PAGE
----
Marc Le Menestrel
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Late Lessons from Early Warnings: Why did industry not respond with precaution?

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by Marc Le Menestrel (19/04/2012)

On April 19th, 2012, the European Environmental Agency pre-launched the second volume of Late Lessons from Early Warnings.

This event follows the famous Environmental issue report No 22/2001 Late lessons from early warnings: the precautionary principle 1896-2000 which gathered available scientific information about the hazards of human economic activities and its use in taking action to better protect both the environment and the health of the species and ecosystems that are dependent on it, and then living with the consequences.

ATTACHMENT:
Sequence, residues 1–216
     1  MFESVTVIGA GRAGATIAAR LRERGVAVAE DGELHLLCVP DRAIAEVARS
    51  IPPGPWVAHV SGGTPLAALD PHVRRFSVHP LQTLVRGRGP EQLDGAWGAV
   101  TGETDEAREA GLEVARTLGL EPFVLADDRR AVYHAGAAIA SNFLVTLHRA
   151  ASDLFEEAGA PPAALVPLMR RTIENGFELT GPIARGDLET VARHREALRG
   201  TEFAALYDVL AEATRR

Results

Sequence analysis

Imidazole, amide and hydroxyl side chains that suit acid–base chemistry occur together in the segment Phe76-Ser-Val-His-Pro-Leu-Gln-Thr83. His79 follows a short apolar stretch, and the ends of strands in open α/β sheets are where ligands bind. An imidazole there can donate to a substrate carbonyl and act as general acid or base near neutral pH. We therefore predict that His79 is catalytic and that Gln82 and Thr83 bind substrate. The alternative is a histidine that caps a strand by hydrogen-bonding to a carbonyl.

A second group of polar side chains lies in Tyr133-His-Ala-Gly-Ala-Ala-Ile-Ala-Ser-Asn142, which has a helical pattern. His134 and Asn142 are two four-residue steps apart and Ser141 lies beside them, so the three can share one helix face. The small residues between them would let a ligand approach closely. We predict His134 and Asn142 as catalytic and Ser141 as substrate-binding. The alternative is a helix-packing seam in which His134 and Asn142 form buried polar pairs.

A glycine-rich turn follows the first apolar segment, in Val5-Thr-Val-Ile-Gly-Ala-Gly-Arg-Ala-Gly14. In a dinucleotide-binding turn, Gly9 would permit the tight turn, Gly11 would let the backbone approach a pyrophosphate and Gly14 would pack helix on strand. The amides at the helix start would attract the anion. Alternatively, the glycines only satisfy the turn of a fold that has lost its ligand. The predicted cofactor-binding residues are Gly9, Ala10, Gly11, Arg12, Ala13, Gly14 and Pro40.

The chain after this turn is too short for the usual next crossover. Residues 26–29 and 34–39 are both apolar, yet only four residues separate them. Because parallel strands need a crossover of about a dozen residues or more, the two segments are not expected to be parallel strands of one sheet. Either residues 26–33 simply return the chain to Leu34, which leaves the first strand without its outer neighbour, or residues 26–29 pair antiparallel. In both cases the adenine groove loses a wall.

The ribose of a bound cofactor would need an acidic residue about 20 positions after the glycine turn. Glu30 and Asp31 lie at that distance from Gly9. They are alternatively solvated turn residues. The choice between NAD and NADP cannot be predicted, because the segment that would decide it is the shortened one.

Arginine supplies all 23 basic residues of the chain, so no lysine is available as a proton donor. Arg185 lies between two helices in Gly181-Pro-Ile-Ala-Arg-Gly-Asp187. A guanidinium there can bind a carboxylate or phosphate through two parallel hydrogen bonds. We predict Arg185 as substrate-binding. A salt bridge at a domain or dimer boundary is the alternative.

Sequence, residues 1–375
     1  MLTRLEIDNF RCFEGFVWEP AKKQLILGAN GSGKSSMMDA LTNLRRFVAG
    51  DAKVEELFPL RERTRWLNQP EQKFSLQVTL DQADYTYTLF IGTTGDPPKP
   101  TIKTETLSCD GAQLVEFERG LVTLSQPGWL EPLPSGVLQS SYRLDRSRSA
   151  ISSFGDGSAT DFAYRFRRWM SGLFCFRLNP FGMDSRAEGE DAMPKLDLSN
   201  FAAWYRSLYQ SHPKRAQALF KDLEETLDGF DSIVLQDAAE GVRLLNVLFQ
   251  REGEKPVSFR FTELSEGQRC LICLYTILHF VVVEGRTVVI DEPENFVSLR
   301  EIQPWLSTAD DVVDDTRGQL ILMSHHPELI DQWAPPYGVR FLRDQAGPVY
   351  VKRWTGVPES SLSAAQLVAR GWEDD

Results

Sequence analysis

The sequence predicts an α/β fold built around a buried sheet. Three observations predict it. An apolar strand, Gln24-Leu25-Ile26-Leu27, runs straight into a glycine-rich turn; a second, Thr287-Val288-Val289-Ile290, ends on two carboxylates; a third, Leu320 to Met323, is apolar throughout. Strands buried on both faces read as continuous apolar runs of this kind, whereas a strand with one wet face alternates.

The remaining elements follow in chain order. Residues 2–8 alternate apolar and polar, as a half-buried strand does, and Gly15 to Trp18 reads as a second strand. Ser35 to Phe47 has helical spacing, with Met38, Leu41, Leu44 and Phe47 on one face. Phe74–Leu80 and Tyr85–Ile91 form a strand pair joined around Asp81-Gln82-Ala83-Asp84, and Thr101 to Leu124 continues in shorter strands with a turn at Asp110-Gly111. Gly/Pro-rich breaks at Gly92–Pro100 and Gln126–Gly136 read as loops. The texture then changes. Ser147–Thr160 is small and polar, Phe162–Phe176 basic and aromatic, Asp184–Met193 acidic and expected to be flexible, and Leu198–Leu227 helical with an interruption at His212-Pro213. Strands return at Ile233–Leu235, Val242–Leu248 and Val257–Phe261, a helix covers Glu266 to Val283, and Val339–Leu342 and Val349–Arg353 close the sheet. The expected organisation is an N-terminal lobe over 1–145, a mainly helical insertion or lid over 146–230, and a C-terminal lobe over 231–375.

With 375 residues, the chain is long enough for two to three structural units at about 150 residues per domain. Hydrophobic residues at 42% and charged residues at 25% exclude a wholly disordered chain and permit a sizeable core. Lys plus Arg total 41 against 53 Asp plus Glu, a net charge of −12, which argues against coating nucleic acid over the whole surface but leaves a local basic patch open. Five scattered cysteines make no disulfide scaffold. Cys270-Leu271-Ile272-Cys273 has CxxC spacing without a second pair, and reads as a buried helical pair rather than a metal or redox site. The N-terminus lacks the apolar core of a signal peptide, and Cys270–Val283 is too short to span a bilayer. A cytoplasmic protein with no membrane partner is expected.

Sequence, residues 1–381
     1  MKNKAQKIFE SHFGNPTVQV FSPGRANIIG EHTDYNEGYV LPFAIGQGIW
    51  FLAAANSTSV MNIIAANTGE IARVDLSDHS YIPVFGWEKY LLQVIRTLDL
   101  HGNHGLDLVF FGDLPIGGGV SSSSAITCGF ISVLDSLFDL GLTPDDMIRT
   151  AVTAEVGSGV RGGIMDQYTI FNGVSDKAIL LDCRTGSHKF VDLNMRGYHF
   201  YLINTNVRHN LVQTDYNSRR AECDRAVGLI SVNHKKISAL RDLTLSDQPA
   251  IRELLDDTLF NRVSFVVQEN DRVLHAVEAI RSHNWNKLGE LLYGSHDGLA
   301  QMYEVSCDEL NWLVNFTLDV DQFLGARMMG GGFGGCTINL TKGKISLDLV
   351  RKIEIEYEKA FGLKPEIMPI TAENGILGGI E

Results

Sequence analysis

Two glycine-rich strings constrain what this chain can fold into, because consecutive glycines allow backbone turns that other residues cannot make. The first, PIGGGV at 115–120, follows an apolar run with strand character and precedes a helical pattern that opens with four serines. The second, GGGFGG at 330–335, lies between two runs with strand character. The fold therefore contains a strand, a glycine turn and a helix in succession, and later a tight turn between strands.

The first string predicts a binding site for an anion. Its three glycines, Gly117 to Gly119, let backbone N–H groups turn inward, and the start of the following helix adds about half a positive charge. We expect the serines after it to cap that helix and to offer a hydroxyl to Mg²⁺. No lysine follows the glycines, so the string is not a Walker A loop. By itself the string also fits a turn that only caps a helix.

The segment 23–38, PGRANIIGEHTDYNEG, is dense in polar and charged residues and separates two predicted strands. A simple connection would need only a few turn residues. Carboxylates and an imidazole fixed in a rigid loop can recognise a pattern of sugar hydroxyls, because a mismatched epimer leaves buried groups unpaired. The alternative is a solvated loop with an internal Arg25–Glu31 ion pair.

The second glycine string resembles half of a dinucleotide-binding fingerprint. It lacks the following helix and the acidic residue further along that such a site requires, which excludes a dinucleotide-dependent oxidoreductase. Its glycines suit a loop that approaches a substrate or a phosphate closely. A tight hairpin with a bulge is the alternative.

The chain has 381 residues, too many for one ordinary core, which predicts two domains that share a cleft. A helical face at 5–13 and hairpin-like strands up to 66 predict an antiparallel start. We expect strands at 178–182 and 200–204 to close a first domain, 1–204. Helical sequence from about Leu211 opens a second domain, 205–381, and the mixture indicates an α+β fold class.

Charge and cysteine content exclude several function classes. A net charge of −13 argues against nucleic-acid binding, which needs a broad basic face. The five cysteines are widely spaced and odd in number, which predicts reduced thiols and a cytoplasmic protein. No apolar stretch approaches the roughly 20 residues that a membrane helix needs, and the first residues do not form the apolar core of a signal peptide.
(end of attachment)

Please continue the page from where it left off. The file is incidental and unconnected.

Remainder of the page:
Like the first report, the second report is based on case studies and brings together experts in their particular field of environmental, occupational and consumer hazards.

With Julian Rode, we contributed to an article about the specific role of business actors in failing to respond with precaution to Early Warning Signals.

Rather than taking a blaming perspective, or one that would deny the difficulty that business actors face to combine their economic incentives with their values for precautionary actions, we review and analyze relevant interdisciplinary literature and prominent case studies – in particular those documented in Late Lessons from Early Warnings (EEA, 2001) – with the objective to better understand business decisions in the face of early warnings.

We show that economic motives are often driving non-precautionary decisions, but that they also influenced by a complex mix of epistemological, regulatory, cultural, and psychological aspects. We provide a set of lessons and reflections.


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